Gardens Illustrated
Church garden
© Richard Bloom

Formality and romance: an Arts and Crafts inspired garden in Suffolk

Published: July 17, 2022 at 8:10 pm
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Soft planting contained within a formal structure of neatly clipped box, bay and yew, has given the garden of this renovated church a new lease of life – and created a perfect sense of harmony between building and plot. Words Clare Coulson, Photographs Richard Bloom

Taking on a derelict building is not for the faint hearted. Let alone a building partially concealed by six metres of brambles and a completely overgrown plot crammed with walnut, maple and oak trees.

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“There was a willow tree growing out of the back of the building that had caused some problems,” recalls Jenny, who along with her husband John bought the Victorian church in rural Suffolk in 1994 and began work on the garden in 2008. With incredible resourcefulness and John’s apparent ability to design and build almost anything (he was a carpenter before retiring), the couple have transformed this neo-Norman church, and turned its surrounding two thirds of an acre into an immaculate formal garden.

Church garden
© Richard Bloom

IN BRIEF

What A largely formal garden of rooms contrasted with romantic planting. Where Suffolk.

Size Two thirds of an acre.

Soil Clay improved with topsoil.

Climate Temperate and fairly low rainfall.

Hardiness zone USDA 9a.

An Arts and Crafts mood ripples throughout – and chimes perfectly with the Victorian church. Ideas were cherry picked from visits to gardens of that era, such as Hidcote, and details such as the topiary peacocks on top of yew columns are a whimsical nod to the period. But it’s the very spirit of the movement that's also felt in the whole fabric of the house and garden.

One of the couple’s triumphs is to make the garden feel as though it totally belongs to the church – and vice versa. Elements from the church have also been incorporated into the garden – the original font is now set in a small semi-circular bed with standard roses. Nearby, an imposing stone cross, surrounded by a low box hedge, greets visitors to the property. Jenny and John are rightly proud of what they’ve achieved here – and their achievement is all the more remarkable for having done it all themselves.

Church garden
© Richard Bloom

The front of the house is punctuated with vast boxes full of John’s precise topiary forms including box balls and spirals and cubes of Berberis darwinii. The planters have open bottoms so they don’t dry out too quickly.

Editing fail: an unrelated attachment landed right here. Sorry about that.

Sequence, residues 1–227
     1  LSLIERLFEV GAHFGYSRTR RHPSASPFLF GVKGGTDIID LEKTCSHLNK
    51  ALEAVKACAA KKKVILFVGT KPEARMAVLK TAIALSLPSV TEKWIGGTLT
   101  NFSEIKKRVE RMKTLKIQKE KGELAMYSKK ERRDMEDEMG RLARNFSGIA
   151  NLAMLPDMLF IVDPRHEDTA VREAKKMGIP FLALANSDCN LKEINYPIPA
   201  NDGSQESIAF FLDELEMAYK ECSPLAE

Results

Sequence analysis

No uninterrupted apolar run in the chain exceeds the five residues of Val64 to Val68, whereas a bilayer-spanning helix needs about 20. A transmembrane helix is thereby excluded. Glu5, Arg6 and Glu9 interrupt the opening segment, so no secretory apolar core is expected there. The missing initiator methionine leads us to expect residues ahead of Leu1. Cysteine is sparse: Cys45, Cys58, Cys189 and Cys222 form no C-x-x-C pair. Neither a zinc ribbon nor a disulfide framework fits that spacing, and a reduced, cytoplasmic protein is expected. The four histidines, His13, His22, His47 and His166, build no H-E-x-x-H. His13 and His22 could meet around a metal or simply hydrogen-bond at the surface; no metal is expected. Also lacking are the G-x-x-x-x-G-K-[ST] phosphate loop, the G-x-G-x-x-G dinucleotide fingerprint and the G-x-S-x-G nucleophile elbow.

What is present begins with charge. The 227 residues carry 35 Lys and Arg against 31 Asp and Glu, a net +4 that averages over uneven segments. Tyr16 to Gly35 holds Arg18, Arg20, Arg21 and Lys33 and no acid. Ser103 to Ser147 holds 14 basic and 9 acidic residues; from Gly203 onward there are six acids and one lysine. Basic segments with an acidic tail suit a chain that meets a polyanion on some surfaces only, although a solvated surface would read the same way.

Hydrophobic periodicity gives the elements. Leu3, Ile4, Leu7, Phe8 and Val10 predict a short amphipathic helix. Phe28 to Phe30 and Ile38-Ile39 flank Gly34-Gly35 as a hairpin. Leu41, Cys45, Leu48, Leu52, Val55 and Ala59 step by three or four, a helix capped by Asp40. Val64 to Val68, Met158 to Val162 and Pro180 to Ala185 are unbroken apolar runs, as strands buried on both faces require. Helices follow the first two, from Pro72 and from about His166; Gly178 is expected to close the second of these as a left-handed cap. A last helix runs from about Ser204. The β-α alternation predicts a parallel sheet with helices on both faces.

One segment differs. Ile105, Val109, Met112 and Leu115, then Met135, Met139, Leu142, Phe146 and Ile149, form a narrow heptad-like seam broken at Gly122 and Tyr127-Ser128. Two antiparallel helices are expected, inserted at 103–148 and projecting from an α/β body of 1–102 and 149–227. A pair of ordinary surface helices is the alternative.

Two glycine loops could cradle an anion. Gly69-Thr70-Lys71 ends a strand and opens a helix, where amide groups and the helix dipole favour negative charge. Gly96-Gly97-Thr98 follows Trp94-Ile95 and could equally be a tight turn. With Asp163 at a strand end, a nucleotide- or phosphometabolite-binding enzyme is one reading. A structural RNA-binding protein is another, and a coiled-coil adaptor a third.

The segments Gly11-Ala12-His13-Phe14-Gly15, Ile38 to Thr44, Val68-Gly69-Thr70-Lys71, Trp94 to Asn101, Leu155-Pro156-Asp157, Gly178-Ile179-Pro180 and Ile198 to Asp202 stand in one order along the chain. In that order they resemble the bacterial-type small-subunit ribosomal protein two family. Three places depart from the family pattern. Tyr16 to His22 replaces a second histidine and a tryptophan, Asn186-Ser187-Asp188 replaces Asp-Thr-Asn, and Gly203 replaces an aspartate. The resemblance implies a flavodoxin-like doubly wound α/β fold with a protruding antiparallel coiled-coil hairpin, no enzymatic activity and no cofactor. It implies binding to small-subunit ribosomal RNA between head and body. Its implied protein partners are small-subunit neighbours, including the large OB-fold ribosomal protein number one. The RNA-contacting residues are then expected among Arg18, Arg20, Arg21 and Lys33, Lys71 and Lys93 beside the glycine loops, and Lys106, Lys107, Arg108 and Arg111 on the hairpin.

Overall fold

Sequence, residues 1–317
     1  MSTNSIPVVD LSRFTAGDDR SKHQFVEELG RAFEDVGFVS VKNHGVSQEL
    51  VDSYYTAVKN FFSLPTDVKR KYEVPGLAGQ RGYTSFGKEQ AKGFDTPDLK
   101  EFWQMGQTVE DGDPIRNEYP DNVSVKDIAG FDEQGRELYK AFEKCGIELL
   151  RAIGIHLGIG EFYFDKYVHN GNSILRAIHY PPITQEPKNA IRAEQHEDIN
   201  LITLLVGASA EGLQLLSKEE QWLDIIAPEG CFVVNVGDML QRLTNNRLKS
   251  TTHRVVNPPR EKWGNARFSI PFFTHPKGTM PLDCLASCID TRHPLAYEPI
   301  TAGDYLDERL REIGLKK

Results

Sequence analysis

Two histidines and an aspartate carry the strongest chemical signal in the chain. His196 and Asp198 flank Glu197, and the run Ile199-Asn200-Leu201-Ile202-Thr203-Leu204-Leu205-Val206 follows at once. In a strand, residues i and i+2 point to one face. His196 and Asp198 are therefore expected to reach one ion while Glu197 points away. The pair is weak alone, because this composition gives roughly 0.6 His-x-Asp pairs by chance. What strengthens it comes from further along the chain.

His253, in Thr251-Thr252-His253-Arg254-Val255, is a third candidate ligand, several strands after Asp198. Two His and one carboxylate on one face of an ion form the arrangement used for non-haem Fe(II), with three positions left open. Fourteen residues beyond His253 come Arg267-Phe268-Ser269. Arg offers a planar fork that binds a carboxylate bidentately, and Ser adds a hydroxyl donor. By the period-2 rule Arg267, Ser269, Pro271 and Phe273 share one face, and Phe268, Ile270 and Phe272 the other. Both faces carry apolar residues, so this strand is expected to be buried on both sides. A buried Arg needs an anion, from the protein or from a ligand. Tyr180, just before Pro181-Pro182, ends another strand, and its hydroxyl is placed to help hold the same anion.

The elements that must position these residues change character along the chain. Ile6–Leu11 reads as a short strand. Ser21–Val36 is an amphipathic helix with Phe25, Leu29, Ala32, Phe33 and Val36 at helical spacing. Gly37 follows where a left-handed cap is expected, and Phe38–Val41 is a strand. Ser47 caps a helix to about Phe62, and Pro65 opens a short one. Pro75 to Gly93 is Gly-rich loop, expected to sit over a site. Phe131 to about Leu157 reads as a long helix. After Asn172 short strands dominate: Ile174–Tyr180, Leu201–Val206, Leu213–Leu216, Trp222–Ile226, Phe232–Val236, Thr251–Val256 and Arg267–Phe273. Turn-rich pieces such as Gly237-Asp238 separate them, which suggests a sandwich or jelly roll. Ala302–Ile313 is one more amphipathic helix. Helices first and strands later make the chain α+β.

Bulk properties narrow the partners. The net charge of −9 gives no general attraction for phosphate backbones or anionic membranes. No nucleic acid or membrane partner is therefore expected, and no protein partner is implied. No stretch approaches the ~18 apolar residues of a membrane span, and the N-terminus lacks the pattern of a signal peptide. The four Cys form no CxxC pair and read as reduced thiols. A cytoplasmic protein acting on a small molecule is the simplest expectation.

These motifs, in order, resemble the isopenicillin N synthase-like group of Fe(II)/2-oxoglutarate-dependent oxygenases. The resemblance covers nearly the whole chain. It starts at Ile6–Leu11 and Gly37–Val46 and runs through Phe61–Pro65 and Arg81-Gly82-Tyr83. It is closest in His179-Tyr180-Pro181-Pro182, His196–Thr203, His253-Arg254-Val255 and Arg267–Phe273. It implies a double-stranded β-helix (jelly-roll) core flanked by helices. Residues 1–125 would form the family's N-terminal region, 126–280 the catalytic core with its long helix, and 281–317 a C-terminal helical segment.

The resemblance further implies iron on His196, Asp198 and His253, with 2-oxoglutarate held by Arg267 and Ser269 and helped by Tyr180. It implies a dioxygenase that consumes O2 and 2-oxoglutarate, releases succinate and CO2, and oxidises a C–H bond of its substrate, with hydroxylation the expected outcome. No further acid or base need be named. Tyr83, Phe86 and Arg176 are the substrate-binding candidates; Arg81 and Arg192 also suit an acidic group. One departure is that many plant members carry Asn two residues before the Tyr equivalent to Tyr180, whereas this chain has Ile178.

Church garden
© Richard Bloom

The pretty gabled entrance is framed by Rosa ‘Sombreuil’, a climbing tea rose introduced in France in 1850 that grows to 4.5m. Its off-white blooms appear almost continuously throughout summer.

Church garden
© Richard Bloom

The entrance to the property echoes the crisp formality of the whole garden. John designed and built the large York-stone water feature. Originally, the plan was to grow edibles but it has been turned over to topiary and perennials.

Church garden
© Richard Bloom

Across the lawn from John and Jenny’s home, a renovated neo-Norman church built in the mid 19th century, is a neat summerhouse overlooking one of three ponds. Like almost everything else in the garden it was designed and built by John.

Church garden
© Richard Bloom

The pretty midsummer meadow, which replaced an area of lawn that didn’t thrive, is the newest addition to the garden. It is punctuated with views of the tall yew hedges that surround the main garden.

Church garden
© Richard Bloom

Frothy borders, filled with lady’s mantle Alchemilla mollis, Salvia nemorosa ‘Caradonna’ and campanulas among a mix of grasses, including Stipa gigantea and Stipa tenuissima, provide the perfect counterpoint to the dark yew hedges.

Key plants in Jenny and John's garden

Rosa Tradescant (= ‘Ausdir’)

Rosa Tradescant (= ‘Ausdir’)
© Richard Bloom

A repeat-flowering shrub rose, with arching branches, that can also be grown as a short climber up to 2.4m. Its deep-crimson blooms have a strong, old-rose scent and healthy foliage. 1.8m x 1.5m.

Iris ‘Picador’

Iris ‘Picador’
© Richard Bloom

This strong-growing bearded iris was introduced by Benjamin Yoe Morrison in around 1930. Jenny’s came from an iris found growing in her grandfather’s garden in Kent, which remained unidentified for many years. 1.2m.

Sisyrinchium striatum

Sisyrinchium striatum
© Richard Bloom

Clump-forming perennial with vertical stems that carry clusters of pale-yellow flowers and fans of lance-shaped leaves. Will re-flower if deadheaded and readily self-seeds. 60cm x 25cm.

Lupinus ‘Gallery Blue’

Lupinus ‘Gallery Blue’
© Richard Bloom

In midsummer, deep-indigo spires are held above palmate leaves. It will repeat flower if the spikes are cut back. 50cm x 30cm.

Rosa Wenlock (= ‘Auswen’)

Rosa Wenlock (= ‘Auswen’)
© Richard Bloom

A repeat-flowering shrub rose or short climber with cupped, fully double, rich-magenta blooms and a strong, old rose fragrance. 1.8m.

Clematis ‘The President’

Clematis ‘The President’
© Richard Bloom

This free-flowering group two clematis has been popular since its introduction in the 19th century. Its large purple flowers appear from June to September and have pointed petals and red centres. 2.5m x 90cm. AGM.

Campanula persicifolia var. alba

Campanula persicifolia var. alba
© Richard Bloom

Breezy spires of delicate, bell-shaped, white flowers appear in midsummer. Will readily self-seed. 90cm x 30cm.

Allium hollandicum ‘Purple Sensation’

Allium hollandicum ‘Purple Sensation’
© Richard Bloom
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Balls of star-shaped flowers in vivid purple are held on spikes up to 1m tall. If the pretty seedheads are left this will enthusiastically self-seed. 1m x 1m.

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